More than 900 National, State and Local Businesses and Organizations Call on Congress to Strengthen Low-Income Housing Tax Credit Now

WASHINGTON, DC,, Nov. 21, 2014 (GLOBE NEWSWIRE) -- In a letter sent to members of the 113th Congress this week, the A Call To Invest in Our Neighborhoods (ACTION) Campaign called on lawmakers to extend the minimum 9 percent Low-Income Housing Tax Credit (Housing Credit) rate for new construction and substantial rehabilitation and establish a minimum 4 percent rate for the acquisition of affordable housing before the end of the legislative session. The coalition of more than 900 national, state and local affordable housing stakeholders who signed the letter represent all 50 states, Washington, D.C. and Puerto Rico.

"The Housing Credit is the only significant source of new affordable housing and our most effective tool to combat the growing affordable housing crisis," said Ali Solis, senior vice president of public policy and corporate affairs at Enterprise Community Partners, Co-Chair of the ACTION Campaign Steering Committee. "Financing these homes has become more difficult, however, without minimum credit rates. We ask that Congress act quickly to make these changes that have minimal costs but substantial impacts on affordable housing development."

"The Housing Credit brings homes, jobs and financial returns to every state, as evidenced by the diverse array of signatories on the ACTION letter," said Barbara Thompson, executive director of the National Council of State Housing Agencies, Co-Chair of the ACTION Campaign Steering Committee. "We urge the 113th Congress to act now to further strengthen the Housing Credit by enacting these modest but important provisions that will help state Housing Finance Agencies and their partners respond to our country's increasing affordable rental housing needs."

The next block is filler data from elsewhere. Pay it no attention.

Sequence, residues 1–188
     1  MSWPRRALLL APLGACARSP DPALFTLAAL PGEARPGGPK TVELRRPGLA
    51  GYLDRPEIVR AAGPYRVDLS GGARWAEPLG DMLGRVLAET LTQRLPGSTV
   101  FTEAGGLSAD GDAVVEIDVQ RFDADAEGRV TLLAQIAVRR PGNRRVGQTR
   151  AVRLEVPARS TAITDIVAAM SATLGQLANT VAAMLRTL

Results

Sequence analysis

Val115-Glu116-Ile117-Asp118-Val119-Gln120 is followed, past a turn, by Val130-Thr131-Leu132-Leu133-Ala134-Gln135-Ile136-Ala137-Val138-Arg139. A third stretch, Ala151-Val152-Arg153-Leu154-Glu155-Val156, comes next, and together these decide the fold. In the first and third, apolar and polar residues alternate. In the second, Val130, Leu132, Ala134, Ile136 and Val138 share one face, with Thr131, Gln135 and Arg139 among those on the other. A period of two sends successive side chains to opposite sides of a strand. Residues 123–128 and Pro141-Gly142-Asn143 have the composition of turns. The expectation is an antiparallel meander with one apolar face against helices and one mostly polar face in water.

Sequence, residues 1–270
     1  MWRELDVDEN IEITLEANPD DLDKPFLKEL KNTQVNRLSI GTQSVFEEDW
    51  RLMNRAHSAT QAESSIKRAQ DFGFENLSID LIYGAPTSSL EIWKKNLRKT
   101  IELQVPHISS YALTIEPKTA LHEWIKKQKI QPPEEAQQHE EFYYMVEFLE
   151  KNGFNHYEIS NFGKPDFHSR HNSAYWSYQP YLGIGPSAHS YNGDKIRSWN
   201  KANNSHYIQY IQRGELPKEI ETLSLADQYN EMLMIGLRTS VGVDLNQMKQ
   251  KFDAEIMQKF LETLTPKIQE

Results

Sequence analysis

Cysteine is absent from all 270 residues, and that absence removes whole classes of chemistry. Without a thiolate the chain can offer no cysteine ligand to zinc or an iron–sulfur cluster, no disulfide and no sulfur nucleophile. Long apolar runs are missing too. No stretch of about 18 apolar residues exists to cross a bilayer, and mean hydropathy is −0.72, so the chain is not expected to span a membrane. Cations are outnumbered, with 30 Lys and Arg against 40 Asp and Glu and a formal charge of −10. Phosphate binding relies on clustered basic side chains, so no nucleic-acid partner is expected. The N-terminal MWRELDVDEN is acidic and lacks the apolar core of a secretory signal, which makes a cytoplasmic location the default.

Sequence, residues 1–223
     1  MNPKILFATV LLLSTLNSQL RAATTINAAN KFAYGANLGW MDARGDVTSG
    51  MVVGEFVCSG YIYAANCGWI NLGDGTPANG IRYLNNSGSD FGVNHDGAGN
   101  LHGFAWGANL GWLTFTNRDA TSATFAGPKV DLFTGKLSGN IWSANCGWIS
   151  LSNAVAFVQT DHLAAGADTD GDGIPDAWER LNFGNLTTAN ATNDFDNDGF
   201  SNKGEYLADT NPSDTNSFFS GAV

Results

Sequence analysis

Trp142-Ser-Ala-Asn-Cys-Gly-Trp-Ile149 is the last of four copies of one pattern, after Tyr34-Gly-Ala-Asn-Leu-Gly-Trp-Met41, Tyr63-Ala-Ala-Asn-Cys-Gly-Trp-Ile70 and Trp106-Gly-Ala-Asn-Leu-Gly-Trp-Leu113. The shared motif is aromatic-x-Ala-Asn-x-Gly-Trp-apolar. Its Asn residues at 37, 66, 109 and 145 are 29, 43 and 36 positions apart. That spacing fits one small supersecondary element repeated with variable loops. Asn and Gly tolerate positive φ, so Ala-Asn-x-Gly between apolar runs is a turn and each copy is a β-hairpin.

The Housing Credit, America's main tool for financing affordable rental housing, has produced or preserved over 2.7 million affordable homes since it was created in 1986. However, while demand for affordable rental housing is at an all-time high, financing these homes has become more difficult. In 2008, Congress established a minimum 9 percent Housing Credit rate, but the provision expired at the end of 2013. Housing Credits are now tied to federal borrowing rates, which have sunk to historic lows. As a result, there is now 15 to 20 percent less Housing Credit equity available for any given property than Congress originally envisioned.

Though the ACTION Campaign believes the minimum 9 and 4 percent Housing Credit rates should be made permanent, a temporary extension of these provisions for at least two years would still significantly strengthen the Housing Credit at virtually no additional cost to taxpayers. Minimum 9 and 4 percent credit rates have previously enjoyed bipartisan support in Congress, most recently in April 2014 when they were approved in the Senate Finance Committee's Expiring Provisions Improvement Reform and Efficiency (EXPIRE) Act.

CONTACT: John Keaten 212.784.5701 jkeaten@groupgordon.comSource:The Enterprise Foundation/Community Partners